The United States marks the 100th anniversary of the massacre of African Americans in Tulsa, Oklahoma. Historically, poorly mentioned, the genocide in Tulsa is said to have been occupied by a young African-American to a young Euro-American.
On May 31, 1921, after the arrest of Dick Roland, a young Euro-American woman accused of aggression by Sarah Page, hundreds of angry Euro-Americans protested in Tulsa Court, a practice common in the United States at the time.
Local authorities have refused to hand over Roland to a gang of linkers.
A group of African-Americans organized themselves into a growing Greenwood neighborhood, including some weapons.
Tension increases and some shots are heard.
At the dawn of June 1, 1921, Euro-American men began looting and setting fire to homes and other buildings, as well as hunting and killing people living in the Greenwood neighborhood, mostly in the African-American neighborhood.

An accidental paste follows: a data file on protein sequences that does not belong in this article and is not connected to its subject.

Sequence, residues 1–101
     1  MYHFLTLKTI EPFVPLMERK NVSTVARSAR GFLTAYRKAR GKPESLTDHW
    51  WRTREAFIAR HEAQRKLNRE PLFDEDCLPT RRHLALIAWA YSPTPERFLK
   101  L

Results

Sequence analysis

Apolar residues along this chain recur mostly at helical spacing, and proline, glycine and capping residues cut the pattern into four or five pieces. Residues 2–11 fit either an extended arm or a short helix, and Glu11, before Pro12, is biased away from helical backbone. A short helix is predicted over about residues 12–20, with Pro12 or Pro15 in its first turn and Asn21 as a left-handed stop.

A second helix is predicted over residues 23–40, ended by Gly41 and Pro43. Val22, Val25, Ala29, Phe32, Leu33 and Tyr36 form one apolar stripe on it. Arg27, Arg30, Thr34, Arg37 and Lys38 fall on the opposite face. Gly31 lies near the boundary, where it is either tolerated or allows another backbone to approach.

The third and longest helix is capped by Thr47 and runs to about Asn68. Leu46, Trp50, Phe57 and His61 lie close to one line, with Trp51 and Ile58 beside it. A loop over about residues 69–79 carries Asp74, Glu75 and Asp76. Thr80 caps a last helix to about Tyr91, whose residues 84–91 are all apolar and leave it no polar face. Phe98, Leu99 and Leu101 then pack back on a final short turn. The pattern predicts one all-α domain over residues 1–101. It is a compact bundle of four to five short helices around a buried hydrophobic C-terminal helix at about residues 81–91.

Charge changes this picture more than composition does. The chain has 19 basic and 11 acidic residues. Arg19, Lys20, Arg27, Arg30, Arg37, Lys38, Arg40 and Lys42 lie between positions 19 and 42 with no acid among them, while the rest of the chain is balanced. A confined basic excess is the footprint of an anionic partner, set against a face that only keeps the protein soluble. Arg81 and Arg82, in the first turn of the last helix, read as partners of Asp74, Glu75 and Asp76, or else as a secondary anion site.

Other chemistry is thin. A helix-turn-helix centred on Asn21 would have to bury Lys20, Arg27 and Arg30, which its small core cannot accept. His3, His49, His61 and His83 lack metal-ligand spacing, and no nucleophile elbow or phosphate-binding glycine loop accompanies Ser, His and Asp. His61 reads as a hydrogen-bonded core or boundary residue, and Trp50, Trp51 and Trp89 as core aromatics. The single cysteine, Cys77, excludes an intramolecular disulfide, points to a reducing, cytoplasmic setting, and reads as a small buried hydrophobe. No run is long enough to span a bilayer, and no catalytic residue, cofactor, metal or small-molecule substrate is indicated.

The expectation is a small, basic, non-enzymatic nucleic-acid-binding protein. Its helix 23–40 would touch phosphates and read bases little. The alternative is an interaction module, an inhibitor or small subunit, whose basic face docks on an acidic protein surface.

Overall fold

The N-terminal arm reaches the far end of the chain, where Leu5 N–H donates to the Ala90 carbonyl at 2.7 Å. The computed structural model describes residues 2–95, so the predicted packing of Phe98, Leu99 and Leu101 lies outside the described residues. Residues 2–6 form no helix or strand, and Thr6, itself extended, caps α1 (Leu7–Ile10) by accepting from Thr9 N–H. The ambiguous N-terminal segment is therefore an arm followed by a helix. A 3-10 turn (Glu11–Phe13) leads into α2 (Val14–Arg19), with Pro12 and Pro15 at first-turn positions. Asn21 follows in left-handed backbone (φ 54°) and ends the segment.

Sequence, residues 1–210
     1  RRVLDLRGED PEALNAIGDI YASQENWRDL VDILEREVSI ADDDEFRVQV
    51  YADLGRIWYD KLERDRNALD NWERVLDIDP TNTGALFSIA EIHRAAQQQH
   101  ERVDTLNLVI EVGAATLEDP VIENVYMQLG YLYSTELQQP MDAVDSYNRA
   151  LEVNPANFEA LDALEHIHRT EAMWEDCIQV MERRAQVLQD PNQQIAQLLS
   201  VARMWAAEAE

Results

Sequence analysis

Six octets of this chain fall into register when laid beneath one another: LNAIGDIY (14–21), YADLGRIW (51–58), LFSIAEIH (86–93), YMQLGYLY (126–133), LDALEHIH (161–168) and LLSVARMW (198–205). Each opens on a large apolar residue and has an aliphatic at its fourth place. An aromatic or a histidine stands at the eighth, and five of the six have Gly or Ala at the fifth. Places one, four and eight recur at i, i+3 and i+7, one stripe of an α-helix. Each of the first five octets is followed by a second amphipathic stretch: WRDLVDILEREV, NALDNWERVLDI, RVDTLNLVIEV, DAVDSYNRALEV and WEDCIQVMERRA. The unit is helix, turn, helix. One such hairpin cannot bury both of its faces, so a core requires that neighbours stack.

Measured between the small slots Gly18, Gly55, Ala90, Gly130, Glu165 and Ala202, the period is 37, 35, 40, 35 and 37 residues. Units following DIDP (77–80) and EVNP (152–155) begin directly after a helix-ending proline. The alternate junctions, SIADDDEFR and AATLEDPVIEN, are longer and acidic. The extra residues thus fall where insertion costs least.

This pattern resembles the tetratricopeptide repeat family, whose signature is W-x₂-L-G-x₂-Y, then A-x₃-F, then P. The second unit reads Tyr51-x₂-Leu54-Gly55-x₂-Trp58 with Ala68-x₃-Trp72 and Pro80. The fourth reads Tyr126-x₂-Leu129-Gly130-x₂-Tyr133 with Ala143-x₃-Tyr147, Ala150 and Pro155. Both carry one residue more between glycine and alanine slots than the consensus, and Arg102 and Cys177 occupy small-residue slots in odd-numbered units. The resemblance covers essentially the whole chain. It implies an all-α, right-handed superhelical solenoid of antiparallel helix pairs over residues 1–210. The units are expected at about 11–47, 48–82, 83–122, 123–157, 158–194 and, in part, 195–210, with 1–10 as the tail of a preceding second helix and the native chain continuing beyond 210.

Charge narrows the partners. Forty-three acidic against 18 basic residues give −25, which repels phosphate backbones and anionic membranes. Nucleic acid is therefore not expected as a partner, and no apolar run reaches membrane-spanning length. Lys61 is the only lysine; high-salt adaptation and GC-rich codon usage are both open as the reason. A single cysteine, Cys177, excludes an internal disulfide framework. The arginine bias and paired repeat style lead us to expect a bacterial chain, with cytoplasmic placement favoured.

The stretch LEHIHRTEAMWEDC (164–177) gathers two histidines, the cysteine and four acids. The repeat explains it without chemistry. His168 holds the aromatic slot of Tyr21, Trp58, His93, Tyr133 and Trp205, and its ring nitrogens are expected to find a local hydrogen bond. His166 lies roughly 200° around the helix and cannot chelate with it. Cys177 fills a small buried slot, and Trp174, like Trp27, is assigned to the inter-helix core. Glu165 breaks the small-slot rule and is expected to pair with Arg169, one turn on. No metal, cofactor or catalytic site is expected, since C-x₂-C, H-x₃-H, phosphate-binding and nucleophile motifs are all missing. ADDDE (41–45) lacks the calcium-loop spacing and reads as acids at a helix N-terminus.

Throughout the day, they robbed the call Black Wall Street, Leaving the ashes and rubble without police intervention. Three hundred were killed and about ten thousand lost all their possessions.
At the so-called centenary celebrations in the United States, "Genocide in Tulsa“(The Tulsa Race Massacre), President Joe Biden felt that his country’s government should recognize its responsibility, given the fact that African-Americans are barred from creating a tradition and have no chance.
Sarah Page will later withdraw her complaint, denying the alleged assault by Dick Roland when she met him in the elevator on May 31, 2021.
Historians of the tragic events in Tulsa on June 1, 2021, provoked the poaching of the so-called Black Wall Street and its subsequent massacre, not the alleged occupation, but the euro-American envy of the prosperity of their African-American people from the city of Greenwood.
One hundred years later, Greenwood is no longer Black Wall Street.